WEDA lobbyist critical of TIF changes in Evers budget
A lobbyist with the Wisconsin Economic Development Association says Evers' proposed changes to the state's tax incremental financing law would mark a "huge setback" for economic development.
Michael Welsh is director of legislative affairs and communications for WEDA. He says provisions in the guv's budget proposal would diminish the value of the TIF program, putting Wisconsin at a competitive disadvantage to other states.
Under Wisconsin's TIF law, municipalities can rely on future increases in property tax revenue within a designated district, called a tax increment district, to pay for public investments. In theory, those public investments drive increases in property values and related tax revenues. The program aims to boost private development in these districts.
A provision in Evers' proposal would cap developer grants at 20 percent of the total TIF district project cost. Welsh says there's currently no cap.
"We've had several members say the TIF projects they've done would not have been done if this law provision would have been in place," Welsh said.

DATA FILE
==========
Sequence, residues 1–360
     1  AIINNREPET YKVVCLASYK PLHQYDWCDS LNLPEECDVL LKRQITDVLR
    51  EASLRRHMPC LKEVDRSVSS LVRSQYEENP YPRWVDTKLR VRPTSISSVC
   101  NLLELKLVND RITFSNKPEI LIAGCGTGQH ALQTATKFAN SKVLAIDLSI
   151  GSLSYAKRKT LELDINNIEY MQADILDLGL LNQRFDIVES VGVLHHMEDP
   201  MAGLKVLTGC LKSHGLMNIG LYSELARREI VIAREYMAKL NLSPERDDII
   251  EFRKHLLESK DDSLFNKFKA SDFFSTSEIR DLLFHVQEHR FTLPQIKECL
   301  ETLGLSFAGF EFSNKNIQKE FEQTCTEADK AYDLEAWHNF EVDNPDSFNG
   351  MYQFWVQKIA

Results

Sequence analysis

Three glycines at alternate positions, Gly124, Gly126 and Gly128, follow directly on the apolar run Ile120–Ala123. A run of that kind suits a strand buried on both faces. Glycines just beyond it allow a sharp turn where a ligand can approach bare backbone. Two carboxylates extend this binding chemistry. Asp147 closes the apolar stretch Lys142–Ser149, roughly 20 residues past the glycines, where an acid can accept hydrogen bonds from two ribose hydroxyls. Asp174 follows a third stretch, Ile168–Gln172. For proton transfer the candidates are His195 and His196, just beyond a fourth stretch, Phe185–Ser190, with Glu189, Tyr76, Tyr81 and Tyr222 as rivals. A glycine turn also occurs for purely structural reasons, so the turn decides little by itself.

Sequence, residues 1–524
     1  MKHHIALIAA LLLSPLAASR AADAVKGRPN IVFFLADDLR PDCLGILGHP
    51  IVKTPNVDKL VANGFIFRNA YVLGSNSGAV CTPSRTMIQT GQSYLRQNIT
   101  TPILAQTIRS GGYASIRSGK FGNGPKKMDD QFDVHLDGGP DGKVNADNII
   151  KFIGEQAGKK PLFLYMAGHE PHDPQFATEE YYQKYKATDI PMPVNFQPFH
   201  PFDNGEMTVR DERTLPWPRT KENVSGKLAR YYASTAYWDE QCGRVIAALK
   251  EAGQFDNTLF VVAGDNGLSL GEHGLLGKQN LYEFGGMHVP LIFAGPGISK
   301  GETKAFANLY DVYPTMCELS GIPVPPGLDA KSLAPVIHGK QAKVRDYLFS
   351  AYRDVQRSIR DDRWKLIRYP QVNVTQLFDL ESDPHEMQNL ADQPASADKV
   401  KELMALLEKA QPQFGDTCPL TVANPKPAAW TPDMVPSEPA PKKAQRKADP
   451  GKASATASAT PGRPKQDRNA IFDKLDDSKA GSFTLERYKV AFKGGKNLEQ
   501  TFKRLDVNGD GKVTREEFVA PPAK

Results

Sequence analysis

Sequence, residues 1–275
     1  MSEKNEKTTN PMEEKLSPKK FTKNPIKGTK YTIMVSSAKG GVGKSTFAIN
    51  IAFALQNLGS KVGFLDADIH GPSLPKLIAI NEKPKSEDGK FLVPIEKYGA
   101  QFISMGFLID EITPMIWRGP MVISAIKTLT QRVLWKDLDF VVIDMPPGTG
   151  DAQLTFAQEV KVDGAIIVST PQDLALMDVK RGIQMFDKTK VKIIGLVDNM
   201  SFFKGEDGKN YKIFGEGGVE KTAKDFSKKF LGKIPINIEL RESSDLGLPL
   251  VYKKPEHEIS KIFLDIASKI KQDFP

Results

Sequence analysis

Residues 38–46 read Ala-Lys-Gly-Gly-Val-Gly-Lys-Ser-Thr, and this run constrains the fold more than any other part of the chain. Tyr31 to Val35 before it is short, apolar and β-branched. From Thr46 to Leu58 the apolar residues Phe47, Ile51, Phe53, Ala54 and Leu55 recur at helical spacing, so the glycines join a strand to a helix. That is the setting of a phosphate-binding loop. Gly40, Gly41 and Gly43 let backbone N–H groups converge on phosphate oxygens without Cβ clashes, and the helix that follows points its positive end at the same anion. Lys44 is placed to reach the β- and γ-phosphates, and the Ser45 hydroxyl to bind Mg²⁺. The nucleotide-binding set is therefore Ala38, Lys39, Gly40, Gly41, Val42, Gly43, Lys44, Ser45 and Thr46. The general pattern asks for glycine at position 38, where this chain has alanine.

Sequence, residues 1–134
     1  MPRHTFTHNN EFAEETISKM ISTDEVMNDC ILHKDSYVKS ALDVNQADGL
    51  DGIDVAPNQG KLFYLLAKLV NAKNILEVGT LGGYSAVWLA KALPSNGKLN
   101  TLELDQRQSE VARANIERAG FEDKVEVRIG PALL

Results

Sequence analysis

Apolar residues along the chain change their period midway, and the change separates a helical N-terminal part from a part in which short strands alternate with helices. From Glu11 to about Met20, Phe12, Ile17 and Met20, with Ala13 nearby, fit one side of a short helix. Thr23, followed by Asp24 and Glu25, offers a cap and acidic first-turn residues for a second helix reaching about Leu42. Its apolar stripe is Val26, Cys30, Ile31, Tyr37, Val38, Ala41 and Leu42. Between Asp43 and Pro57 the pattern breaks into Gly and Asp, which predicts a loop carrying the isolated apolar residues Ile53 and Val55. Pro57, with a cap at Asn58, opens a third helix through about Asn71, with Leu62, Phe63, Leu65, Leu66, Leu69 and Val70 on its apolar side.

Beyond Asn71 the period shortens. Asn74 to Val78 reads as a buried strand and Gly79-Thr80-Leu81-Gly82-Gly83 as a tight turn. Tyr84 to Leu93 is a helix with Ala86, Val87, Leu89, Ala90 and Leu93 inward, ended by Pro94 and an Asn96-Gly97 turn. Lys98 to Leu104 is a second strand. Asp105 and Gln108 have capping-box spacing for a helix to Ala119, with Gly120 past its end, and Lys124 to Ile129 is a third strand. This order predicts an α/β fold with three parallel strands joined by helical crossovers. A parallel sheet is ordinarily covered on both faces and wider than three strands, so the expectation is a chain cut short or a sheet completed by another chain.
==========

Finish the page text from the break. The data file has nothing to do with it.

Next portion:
Some local municipalities rely on a certain type of TIF financing called "pay-as-you-go," or developer financing. Welsh explains that under this type of TIF, developers pay the upfront cost for building infrastructure and other project elements. He says the risk falls on the developer to secure financing, as they're only paid back over time through the tax increment.
Welsh says the provision capping developer grants would largely eliminate this option.
Another provision would require TID project plans to include "sensitivity analyses," or projections of the district's finances under less favorable economic conditions. That could include a slower pace of development, or a lower rate of property value growth than expected.
Welsh says these analyses are currently not required by statute. But he says developers in the state "don't have a lot of heartburn over this," as they want TIF to be used responsibly.
Still, he says an extra stress test may not be necessary, as the current process for establishing a TID requires multiple steps for review and approval. And he says many communities already hire consultants to examine various economic possibilities.
"We consider it redundant, but we're not opposed," Welsh said.
Evers' proposal would also require municipalities that mistakenly overreport the value increment for their TIDs by at least $50 million to funnel excess tax collections into their general funds.
Evers spokeswoman Melissa Baldauff says this provision is aimed at correcting a specific type of situation where an error is made. She notes that in late 2018, a city assessor for Verona made a mistake that resulted in taxes for homeowners there rising much more than expected.
"There is not currently a mechanism to fix this, which is why the budget included language that would provide a way to correct these types of errors," Baldauff said.
--By Alex Moe